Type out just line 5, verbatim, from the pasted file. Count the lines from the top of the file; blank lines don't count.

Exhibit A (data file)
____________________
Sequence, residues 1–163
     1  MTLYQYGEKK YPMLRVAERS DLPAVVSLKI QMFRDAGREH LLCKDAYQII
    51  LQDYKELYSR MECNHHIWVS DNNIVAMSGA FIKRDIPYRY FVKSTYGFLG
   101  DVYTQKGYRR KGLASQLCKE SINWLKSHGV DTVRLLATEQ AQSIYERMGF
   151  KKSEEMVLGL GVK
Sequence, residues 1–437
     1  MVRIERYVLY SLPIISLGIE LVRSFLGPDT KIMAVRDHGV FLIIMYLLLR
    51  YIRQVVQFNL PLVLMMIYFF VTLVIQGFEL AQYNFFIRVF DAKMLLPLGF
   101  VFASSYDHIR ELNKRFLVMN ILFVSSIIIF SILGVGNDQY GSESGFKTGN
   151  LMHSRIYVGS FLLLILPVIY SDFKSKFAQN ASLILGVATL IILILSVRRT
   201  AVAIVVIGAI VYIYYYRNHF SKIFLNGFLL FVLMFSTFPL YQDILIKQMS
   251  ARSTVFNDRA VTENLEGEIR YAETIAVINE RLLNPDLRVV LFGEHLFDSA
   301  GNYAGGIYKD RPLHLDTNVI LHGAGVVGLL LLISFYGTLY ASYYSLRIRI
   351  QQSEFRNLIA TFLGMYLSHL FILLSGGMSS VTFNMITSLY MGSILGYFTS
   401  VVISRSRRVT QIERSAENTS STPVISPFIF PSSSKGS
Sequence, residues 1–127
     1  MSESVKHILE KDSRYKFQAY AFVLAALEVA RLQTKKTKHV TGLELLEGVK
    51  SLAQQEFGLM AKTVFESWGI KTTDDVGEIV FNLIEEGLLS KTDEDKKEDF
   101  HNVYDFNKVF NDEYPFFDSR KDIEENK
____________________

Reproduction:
   151  KKSEEMVLGL GVK